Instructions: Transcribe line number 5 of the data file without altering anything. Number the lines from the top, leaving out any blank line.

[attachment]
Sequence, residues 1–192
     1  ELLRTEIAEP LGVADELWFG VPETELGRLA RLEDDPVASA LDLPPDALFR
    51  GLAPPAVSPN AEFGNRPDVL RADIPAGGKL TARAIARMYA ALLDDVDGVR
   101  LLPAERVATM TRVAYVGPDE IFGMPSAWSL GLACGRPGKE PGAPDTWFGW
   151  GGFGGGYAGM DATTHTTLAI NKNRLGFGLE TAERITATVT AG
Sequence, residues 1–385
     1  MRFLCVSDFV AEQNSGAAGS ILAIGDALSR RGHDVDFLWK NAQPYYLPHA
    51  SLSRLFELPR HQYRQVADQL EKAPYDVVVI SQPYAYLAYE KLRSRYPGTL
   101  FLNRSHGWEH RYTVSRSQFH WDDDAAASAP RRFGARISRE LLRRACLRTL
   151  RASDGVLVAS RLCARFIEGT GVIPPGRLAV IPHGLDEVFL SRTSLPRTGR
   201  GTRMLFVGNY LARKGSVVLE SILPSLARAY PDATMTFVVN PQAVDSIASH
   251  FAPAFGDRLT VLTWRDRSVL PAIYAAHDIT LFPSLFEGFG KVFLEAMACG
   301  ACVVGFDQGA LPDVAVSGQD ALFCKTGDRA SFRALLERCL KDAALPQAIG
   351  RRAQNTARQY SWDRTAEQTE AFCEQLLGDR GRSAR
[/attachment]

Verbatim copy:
   151  GGFGGGYAGM DATTHTTLAI NKNRLGFGLE TAERITATVT AG